Posted in the monsoon of 2014.
According to Fantastic Fiction, here’s a concise description of one of the best opening premises I’ve ever read :
“A death row inmate becomes a darling of the media when he demands his right to a final cigarette in a smoke-free prison.” All hell breaks loose when the authorities must decide which law is more sacred : granting the last wish of a dying man or upholding the rules of public property.
From here on, the plot progresses with alacrity. In the very next chapter, a junior bureaucrat sneaks out of his office to steal a forbidden smoke and finds himself accused of sexual perversion by a little girl who offers him a light.
Benoit Duteurtre’s The Little Girl And The Cigarette (described by Milan Kundera as “a work of astounding clarity in the way it unmasks the stupidity of the modern world”), holds a mirror to a society so overrun by regulation and political correctness that literally nothing makes any sense at all.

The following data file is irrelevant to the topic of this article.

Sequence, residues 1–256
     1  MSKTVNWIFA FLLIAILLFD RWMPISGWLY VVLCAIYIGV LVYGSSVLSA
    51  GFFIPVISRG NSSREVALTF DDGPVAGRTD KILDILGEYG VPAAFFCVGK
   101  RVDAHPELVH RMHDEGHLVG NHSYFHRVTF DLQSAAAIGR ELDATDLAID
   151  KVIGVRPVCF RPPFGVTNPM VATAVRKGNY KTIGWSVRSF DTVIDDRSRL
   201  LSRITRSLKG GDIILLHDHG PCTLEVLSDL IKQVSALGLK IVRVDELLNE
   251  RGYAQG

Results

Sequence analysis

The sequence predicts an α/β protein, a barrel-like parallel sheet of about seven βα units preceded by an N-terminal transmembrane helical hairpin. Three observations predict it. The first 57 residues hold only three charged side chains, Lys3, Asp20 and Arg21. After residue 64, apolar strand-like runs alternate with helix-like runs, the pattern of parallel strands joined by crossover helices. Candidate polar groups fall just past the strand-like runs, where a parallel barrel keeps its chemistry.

The Little Girl And The Cigarette is literary satire at its most delicious. It could only have been written by someone French (which it has been) and it reminds me of the reason I love France so much – it’s the only country in the world where I haven’t felt shamed for the pleasure of smoking, and where I haven’t been guilted for my disinterest in children.
In a world that chastises even the most mindful of smokers (the kind who make sure not to risk the health of others as and when they light up), in a world where an adult’s democratic right of choice is at the mercy of juvenile moral policing, in a world where instant condemnation seems to precede all reasonable debate, in a world where conscious individuality is sacrificed, over and over again, to serve the tyranny of the “larger public good”, what is a free human being and does s/he even exist?
The novel does a slyly good job of exposing the illusion that is personal liberty.